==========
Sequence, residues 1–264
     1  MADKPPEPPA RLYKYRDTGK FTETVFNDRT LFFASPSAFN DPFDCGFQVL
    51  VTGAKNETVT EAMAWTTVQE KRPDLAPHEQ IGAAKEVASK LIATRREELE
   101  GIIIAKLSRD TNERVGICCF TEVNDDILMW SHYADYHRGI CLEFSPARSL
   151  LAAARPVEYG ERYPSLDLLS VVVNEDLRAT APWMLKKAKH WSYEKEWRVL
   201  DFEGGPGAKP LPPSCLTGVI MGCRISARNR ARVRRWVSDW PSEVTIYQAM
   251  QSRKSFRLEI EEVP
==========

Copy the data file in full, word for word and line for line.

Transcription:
Sequence, residues 1–264
     1  MADKPPEPPA RLYKYRDTGK FTETVFNDRT LFFASPSAFN DPFDCGFQVL
    51  VTGAKNETVT EAMAWTTVQE KRPDLAPHEQ IGAAKEVASK LIATRREELE
   101  GIIIAKLSRD TNERVGICCF TEVNDDILMW SHYADYHRGI CLEFSPARSL
   151  LAAARPVEYG ERYPSLDLLS VVVNEDLRAT APWMLKKAKH WSYEKEWRVL
   201  DFEGGPGAKP LPPSCLTGVI MGCRISARNR ARVRRWVSDW PSEVTIYQAM
   251  QSRKSFRLEI EEVP